On the 10th of December, 1841, Montgomery recorded the deed which had been executed to him by Rhodes on the 7th of December, 1839, and on the same day executed a deed of the three parcels of land which had been entered in his name, to Thomas J. Ford of Adams County and State of Mississippi. The consideration is stated in the deed to have been the following, viz.:-'The sum of three thousand dollars cash, which the said Eli Montgomery doth hereby acknowledge to have received, and the eight promissory notes of the said Thomas J. Ford, of even date herewith, and payable to the order of the said Eli Montgomery, for the amount and for the time as follows, viz.: First, a note for the sum of eight hundred dollars; second, a note for the sum of one thousand dollars; another note for the same sum of one thousand dollars, and a note for the sum of five hundred and thirty-three dollars thirty-three and one third cents, all payable on the 1st day of January, 1843; next, the two notes of the said Ford for the sum of one thousand dollars each, and also a note for the sum of thirteen hundred and thirty-three dollars thirty-three and one third cents, payable on the 1st day of January, 1844; and lastly, the note of the said Ford for the sum of three thousand three hundred and thirty three dollars thirty-three and one third cents, payable on the 1st day of January, 1845, all paraphed by me, the said notary, 'Ne varietur,' to identify them herewith, and payable at the office of the judge of the parish of Concordia.'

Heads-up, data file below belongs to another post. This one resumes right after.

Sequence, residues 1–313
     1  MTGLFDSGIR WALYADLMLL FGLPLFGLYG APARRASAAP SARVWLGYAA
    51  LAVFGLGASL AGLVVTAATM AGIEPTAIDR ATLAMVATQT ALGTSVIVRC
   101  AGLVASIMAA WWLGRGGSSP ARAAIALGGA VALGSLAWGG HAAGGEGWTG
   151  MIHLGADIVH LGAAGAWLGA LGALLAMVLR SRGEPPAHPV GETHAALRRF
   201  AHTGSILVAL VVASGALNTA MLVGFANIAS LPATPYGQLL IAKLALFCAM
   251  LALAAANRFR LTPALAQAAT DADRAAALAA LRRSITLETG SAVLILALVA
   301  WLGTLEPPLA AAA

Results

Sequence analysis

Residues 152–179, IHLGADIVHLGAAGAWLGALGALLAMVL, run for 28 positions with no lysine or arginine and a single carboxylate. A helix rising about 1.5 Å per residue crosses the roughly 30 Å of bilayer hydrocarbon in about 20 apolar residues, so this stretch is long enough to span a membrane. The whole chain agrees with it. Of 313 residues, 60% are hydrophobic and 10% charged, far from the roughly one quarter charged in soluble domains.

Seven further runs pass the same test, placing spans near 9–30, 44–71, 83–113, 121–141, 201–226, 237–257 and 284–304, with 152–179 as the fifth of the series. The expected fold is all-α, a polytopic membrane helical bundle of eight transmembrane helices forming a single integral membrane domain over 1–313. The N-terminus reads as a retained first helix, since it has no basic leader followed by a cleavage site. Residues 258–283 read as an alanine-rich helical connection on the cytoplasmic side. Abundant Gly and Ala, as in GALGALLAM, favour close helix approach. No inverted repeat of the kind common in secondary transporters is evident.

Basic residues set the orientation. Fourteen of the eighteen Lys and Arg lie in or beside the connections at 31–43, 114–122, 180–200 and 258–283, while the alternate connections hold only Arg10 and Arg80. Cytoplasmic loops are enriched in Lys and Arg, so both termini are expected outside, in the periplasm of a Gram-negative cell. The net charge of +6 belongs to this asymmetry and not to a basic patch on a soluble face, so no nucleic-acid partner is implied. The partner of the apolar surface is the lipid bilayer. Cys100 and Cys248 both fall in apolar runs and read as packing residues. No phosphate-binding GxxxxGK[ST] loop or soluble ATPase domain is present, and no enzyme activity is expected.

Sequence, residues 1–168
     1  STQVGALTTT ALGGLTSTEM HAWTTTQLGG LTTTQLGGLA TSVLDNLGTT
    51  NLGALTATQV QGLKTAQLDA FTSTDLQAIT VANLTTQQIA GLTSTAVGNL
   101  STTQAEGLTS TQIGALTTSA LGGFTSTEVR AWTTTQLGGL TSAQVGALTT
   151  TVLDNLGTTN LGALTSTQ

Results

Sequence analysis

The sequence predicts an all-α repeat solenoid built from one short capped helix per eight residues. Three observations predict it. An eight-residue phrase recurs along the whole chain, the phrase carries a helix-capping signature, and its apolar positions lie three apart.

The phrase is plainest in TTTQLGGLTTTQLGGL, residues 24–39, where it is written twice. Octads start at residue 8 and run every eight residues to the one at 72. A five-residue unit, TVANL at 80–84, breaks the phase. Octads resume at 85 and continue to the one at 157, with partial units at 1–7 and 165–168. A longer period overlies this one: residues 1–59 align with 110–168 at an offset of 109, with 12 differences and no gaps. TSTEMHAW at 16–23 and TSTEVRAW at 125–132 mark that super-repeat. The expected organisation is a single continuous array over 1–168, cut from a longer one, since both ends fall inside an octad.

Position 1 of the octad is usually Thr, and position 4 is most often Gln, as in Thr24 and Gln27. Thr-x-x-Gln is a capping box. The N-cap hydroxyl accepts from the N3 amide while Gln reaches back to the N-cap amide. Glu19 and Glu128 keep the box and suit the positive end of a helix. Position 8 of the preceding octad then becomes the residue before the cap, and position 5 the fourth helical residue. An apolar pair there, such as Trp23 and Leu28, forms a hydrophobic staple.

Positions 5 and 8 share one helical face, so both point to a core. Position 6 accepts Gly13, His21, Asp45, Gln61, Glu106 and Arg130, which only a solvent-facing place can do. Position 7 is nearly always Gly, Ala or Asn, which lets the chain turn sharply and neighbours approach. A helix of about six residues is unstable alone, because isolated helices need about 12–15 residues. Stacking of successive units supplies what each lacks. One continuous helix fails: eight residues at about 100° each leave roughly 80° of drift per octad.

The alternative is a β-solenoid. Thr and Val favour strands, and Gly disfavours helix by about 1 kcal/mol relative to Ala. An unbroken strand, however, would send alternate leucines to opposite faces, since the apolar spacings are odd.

The wife of Montgomery renounced all her rights of dower and rights of every kind in and to the property, which stood mortgaged for the payment of the notes.
On the 2d of November, 1842, Ford conveyed the property to Mrs. Luminda Rhodes, for the consideration of ten thousand dollars. Zachariah, the husband of Luminda, being present, declared that he accepted this act for his said wife, and 'duly authorizes and assists her herein.'